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Children who get free school meals in England earn less as adults, study finds


Children in England who receive free school meals go on to earn less than their peers, even when they achieve the same qualifications, with half of them earning £17,000 or less at the age of 30, according to research.

Analysis by the Office for National Statistics (ONS) reveals a persistent earnings gap between those who grew up in poorer households compared with those from wealthier ones.

The gap can be explained largely by access to higher education – disadvantaged children are less likely to go to university and therefore typically have lower earnings.

However, researchers found that children who received free school meals (FSM) and had both the same level of qualifications and similar attainment in secondary school as more affluent pupils still went on to earn less.

The findings, based on an analysis of long-term data collected on 38 million individuals, also showed that children who attended independent schools earned more than their state school counterparts – both FSM and non-FSM – at all levels of qualifications.

“Of everyone who left school after GCSEs, individuals who went to independent school have the highest earnings, likewise for bachelor’s degree and those with no qualifications,” the report says.

The data shows that at the age of 18 there are only small differences in earnings, but the gap widens dramatically as people get older. Before the age of 22, non-FSM state school pupils had the highest average earnings, but from that point on independent pupils out-earn the rest. Women earn less on average than men in all three groups.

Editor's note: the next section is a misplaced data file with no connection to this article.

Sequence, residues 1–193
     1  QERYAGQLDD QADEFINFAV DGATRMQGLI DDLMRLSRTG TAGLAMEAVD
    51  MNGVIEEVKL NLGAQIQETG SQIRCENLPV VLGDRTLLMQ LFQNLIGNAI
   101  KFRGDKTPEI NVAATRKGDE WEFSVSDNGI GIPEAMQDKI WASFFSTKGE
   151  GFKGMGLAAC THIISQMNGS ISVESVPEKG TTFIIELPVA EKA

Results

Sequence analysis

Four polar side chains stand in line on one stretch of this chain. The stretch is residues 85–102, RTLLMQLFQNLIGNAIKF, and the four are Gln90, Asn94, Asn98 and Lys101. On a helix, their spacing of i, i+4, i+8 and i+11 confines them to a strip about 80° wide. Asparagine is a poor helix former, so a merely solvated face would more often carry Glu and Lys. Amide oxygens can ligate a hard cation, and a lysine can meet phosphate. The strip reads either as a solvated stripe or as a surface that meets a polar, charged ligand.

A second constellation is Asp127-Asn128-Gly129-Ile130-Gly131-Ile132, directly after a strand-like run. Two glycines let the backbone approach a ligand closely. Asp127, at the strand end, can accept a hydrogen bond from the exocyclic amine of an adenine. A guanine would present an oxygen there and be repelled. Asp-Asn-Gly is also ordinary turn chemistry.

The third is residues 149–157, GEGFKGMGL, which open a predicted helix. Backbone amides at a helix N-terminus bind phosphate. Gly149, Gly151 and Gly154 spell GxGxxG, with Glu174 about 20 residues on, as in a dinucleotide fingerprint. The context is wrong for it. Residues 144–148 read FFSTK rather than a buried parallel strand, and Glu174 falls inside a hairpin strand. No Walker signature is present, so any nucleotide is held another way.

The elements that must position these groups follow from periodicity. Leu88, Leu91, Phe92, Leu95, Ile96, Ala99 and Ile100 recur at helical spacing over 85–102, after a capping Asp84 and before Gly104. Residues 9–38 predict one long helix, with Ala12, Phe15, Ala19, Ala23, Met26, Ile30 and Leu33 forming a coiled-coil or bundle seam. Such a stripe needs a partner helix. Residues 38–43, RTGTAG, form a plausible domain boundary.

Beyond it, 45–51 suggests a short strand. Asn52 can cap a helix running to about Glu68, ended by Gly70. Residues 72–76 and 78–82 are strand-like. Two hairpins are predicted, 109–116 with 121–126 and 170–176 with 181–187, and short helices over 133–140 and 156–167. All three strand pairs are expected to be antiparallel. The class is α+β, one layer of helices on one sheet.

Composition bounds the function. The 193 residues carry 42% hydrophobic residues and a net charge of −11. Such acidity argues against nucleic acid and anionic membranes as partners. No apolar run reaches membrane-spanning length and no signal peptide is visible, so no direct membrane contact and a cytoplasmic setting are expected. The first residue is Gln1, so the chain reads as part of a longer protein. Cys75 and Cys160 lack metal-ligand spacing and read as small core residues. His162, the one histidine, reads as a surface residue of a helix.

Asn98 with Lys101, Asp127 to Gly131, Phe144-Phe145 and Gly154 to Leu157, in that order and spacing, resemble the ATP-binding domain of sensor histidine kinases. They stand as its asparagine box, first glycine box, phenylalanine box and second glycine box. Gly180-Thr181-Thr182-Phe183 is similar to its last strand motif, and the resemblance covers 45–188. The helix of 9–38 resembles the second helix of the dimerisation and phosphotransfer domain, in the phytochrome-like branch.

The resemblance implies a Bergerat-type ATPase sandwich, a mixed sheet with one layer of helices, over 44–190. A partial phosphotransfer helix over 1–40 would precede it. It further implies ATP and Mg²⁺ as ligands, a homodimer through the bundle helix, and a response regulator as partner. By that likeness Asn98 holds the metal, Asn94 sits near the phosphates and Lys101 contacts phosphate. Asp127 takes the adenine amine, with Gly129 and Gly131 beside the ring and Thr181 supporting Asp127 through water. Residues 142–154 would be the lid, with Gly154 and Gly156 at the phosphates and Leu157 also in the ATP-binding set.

According to the ONS data, at the age of 30 the top 10% from independent schools were earning upwards of £71,000 a year, while the top 1% were earning more than £180,000. In contrast, the top 1% of non-FSM state school pupils were earning more than £85,000, while the top 1% of FSM pupils were on £63,000.

Sara Ogilvie, the director of policy, rights and advocacy for the Child Poverty Action Group, called on the government to do more to support children from disadvantaged backgrounds. “Children who grow up in low-income households have to play catch-up with their peers from an early age.

“All kids deserve a fair start in life and the best way for the government to deliver that is to invest in social security for families. But at the moment we are falling well short of giving the nation’s children the opportunity that everyone deserves.”

A spokesperson for the Department for Education said: “Since 2011, we have narrowed the attainment gap between students from disadvantaged backgrounds and their peers at every stage of education up to the pandemic, and recent figures show that a record proportion of the most disadvantaged students are progressing to higher education – including the highest ever proportion of pupils on free school meals.”

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